Introduction Automation refers to the use of technology to perform tasks that would typically be done by humans. This can include anything from simple, repetitive tasks such as data entry … Read More
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A pioneering attempt to develop sophisticated sensors for robotic systems has the potential to revolutionise robotic limbs and prostheses, claims a new study.
The goal of the research project is to create sensors that enhance robot dexterity and motor skills through the use of precise pressure sensors that provide haptic feedback. It is being led by the University of the West of Scotland (UWS), Integrated Graphene Ltd., and is funded by the Scottish Research Partnership in Engineering (SRPe), the National Manufacturing Institute for Scotland (NMIS), and the Industry Doctorate Programme in Advanced Manufacturing.
The project’s principal investigator, Professor Des Gibson, director of the Institute of Thin Films, Sensors and Imaging at UWS, said: “Over the past few years, the robotics industry has seen remarkable advancements, but due to a lack of sensory capabilities, robotic systems frequently fail to easily execute certain tasks. Accurate pressure sensors that are capable of delivering more tactile ability are necessary for robots to function to their full capacity. Advanced pressure sensor technology has been created as a result of our partnership with Integrated Graphene Ltd. and has the potential to revolutionise robotic systems.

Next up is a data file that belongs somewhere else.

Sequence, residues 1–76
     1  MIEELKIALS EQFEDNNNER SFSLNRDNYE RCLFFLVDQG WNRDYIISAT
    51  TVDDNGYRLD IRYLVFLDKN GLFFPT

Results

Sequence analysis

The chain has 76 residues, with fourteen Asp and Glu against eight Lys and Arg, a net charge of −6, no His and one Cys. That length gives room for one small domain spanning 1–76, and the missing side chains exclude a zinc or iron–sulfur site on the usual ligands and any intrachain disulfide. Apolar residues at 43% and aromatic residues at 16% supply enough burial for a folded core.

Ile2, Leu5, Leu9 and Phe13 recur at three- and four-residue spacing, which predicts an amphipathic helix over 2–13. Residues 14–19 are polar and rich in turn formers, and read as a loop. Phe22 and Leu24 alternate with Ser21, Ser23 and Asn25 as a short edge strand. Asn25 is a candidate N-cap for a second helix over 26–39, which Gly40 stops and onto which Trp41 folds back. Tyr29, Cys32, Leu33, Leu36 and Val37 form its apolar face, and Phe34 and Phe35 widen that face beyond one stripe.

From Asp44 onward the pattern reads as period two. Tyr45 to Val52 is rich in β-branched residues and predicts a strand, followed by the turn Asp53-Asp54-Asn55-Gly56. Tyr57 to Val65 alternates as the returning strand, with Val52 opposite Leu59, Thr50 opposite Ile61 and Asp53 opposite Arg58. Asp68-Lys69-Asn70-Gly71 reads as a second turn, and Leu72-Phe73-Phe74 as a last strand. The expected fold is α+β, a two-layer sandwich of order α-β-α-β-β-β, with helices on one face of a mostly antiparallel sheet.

The sensors are made of 3D graphene foam, which has special properties when mechanical stress is applied. They employ a piezoresistive approach, which means that when pressure is applied, the material dynamically changes its electric resistance, making it simple to detect and adapt to the range of pressure required, from light to heavy.
Gii, our innovative 3D graphene foam, has the ability to mimic the sensitivity and feedback of human touch, which could have a transformative impact on how robotics can be used for a whole range of real-world applications, from surgery to precision manufacturing, according to Marco Caffio, co-founder and chief scientific officer at Integrated Graphene.
We are always thrilled to have the opportunity to show how flexible Gii is in initiatives like this because we are aware that its special property makes it appropriate for usage in various applications like illness diagnostics and energy storage.
“Within robotics and wearable electronics, the use of pressure sensors is a critical aspect, to provide either an information input system, or to give robotic systems human-like motor skills,” continued Dr. Carlos Garcia Nunez of the School of Computing Engineering and Physical Sciences at UWS. Due to its exceptional electrical, mechanical, and chemical capabilities, cutting-edge material like 3D graphene foam provides significant potential for usage in such applications. Our research highlights the enormous potential of this technology to completely transform the robotics sector by utilising dynamic pressure sensors.
The SRPe-NMIS Industrial Doctorate Programme brings together ground-breaking university research with business partners to advance engineering innovation, said Claire Ordoyno, interim director of SRPe. These collaborative PhD programmes not only improve the Scottish engineering research landscape but also generate PhD graduates with an innovation-focused, industry-ready pipeline.